A neat trick for the day job becomes a secondary function at night, when the O2 Cocoon slips into something comfortable – a supplied docking cradle "Nest" – to double up as a bedside alarm clock. O2 has figured that as many people now use their phone for their wake up call, they may as well make a feature of it. You can set it to wake up to a tune of your choice, the radio or a standard alarm (we’re hoping a Teasmaid version will be on its way soon).
Flipping open the Cocoon, the keypad and screen arrangement is conventional. The matt black keypad has large, no-nonsense rectangular keys that accommodate the larger-fingered user, though they're a touch less responsive than super-speed texters might like. A five-way control is flanked by call start and end keys, and a pair of keys for activating soft menus is standard mobile phone formation.
Above these is the 2.1in, 240 x 320, 262, 144-colour display. Intriguingly there’s a thumbwheel on the hinge between the display and keypad, but disappointingly it doesn’t help spinning through menus or music track lists - it’s just a simple volume control.
There’s no mould-breaking with the menu system either. It’s all pretty vanilla stuff. A main menu key pulls up a set of icons, or a list with larger icons if you prefer. Nonetheless, the conventional, non-tricksy approach works efficiently - you select options and explore sub-menus by scrolling down then hitting the appropriate number next to the option.
In addition, most-used features can be assigned to a shortcuts list that’s lined up on the bottom of the display, and activated by a joypad click.
Playback controls at the ready
The music player can be activated either through the menu, shortcut options or by tapping the side-facing music control keys. Don’t rely on the key labelling to help – these are minuscule and inexplicably positioned on the opposite side of the flip, so can’t be matched to buttons when the clamshell is open.
Once activated, you get familiar MP3 player-style options for track selection - Artists, Albums, Tracks, Genres and Playlists - and you can select Random Shuffle too. You can opt for viewing tracks in lists or with album cover art. Various settings allow you to adjust your listening options - you can even keep listening to tunes down in the background when answering calls.
Re: O2 have balls
"If you're asking £295 for this as a PAYG shows O2 have either big balls or they've totally lost touch with reality"
If my recent dealings with them are any indication[*], it's definitely the latter and one of the main reasons I've booted them into touch and gone over to T-Mobile instead (I've also 'downgraded' from an XDA Mini to a Nokia 6300 - never been happier)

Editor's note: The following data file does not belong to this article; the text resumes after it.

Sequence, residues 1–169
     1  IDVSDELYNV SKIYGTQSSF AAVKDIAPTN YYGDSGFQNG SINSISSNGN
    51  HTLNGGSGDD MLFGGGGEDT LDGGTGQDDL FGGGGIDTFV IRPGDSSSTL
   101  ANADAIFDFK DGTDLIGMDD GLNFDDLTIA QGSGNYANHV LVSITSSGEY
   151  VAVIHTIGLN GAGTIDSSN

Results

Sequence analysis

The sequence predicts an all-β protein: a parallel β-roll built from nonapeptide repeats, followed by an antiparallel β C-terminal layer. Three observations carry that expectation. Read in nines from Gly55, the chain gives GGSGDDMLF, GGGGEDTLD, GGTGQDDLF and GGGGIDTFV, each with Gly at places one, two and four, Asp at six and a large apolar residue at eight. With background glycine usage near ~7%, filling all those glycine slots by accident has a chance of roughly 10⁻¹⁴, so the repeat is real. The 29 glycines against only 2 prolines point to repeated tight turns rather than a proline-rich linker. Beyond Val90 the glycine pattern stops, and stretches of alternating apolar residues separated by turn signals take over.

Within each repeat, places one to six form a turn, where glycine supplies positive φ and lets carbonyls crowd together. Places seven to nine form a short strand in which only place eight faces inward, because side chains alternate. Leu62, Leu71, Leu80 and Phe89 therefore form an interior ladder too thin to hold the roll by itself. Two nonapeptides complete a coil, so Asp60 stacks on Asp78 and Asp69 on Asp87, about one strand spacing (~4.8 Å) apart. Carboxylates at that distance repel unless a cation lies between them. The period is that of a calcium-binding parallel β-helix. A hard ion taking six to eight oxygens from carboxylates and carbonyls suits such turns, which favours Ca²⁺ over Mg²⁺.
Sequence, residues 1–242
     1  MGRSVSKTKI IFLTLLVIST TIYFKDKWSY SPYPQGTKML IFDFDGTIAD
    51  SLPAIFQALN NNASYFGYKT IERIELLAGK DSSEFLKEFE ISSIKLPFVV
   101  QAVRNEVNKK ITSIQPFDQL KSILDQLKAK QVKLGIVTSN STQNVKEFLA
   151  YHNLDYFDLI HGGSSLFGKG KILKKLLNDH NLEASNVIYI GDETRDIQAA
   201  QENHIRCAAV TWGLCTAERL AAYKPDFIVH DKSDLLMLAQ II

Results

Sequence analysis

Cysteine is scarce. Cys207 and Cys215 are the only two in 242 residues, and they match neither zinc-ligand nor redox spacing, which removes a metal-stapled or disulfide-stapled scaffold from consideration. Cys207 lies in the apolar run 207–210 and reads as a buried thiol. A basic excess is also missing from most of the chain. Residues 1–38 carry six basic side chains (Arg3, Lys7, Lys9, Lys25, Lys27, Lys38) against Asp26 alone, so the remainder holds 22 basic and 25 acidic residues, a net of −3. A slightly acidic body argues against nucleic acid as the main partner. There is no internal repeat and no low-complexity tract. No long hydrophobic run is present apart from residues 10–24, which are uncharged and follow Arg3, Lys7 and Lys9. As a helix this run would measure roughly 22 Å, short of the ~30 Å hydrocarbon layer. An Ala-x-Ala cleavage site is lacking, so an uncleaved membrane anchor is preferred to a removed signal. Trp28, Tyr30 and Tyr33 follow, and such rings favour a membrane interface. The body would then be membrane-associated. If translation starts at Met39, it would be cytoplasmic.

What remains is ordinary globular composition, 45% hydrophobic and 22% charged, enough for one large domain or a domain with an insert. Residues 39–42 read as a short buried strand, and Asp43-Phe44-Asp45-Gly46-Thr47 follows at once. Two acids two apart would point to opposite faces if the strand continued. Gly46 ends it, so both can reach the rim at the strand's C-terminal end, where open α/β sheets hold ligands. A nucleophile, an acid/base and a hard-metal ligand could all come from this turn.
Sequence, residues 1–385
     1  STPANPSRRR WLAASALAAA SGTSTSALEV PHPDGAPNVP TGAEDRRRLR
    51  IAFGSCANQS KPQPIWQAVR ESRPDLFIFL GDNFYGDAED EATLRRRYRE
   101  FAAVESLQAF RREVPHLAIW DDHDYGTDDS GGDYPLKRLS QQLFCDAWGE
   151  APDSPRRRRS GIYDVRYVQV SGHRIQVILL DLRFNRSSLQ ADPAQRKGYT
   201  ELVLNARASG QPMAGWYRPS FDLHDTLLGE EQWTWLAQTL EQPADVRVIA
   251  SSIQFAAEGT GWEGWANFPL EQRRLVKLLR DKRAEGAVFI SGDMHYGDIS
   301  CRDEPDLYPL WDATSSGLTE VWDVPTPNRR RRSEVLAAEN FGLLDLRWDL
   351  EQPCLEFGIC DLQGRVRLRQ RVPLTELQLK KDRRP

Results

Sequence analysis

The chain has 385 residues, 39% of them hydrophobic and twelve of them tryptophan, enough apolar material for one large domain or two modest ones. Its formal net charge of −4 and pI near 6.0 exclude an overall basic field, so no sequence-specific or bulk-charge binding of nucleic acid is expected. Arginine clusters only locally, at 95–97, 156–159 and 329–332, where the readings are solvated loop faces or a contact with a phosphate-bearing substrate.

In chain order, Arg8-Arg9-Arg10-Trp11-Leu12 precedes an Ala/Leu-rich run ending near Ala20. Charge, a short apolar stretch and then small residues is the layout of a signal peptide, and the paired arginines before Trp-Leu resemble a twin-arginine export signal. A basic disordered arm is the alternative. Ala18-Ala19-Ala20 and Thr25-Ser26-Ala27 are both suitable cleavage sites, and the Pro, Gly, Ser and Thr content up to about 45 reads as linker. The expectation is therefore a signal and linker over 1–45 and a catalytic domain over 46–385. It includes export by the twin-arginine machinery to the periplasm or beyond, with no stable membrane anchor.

Having seen a Cocoon in the York O2 shop, the first thing I thought was 'Eeeewwww!' - looks like the bastard offspring of an iPod and a bedside alarm clock and, given the quality of O2s reception round here, is probably more useful as one of these than as an actual phone.
[*] - eg. ringing their customer support to request my PAC code and having to sit through an advert for the bloody iPhone.
Own worst enemy
Is it me, or is O2 going to bite its own arse?, they have already bought a deal for the iphone, why have this aswell
O2 have balls
If you're asking £295 for this as a PAYG shows O2 have either big balls or they've totally lost touch with reality if they think this phone is worth nearly £300. At that money they're saying it's got more to offer than nearly anything coming from Sony-Ericsson, Nokia, LG or Motorola. They're clearly a bit mad.
The phone lacks one thing and the review lacks another..
Why don't manufacturers put a standard 3.5m jack in music phones? My SPV is the same as this, uses some crappy proprietary plug and they charge you a fortune for a new set of headphones. It was cheaper to buy a new MP3 player than it was to replace the orange (nothing special except the price) headphones.
- I know they also need to add a mic. and other control lines too.. but there are ways of dealing with that.
- And yes, it comes with a 'adapter', but I'll bet the adapter has crummy strain relief, breaks after reasonable use, and costs a fortune to replace (if you can even buy it separately).
As for the review, yet again we are not told about how the phone synchronises.. Just mac and windows info and no discussion aboutr wether it mounts as a USB drive (and is therefore compatible with pretty much everything.)
- Simon; this is, unfortunately, in the finest tradition of el-reg reviews.. Please, please give a overview of the sync method (USB filesystem, vs. proprietary/activesync/telepathy) and then note any handy apps they supply for specific OS's. Ta.
Oh wow, there's a bonus.. A corporate entity changing my wallpaper for advertising purposes? It's like they read my mind!
A pint of Bishop's Ringfinger to the first person who hacks that to send out goatse.. :)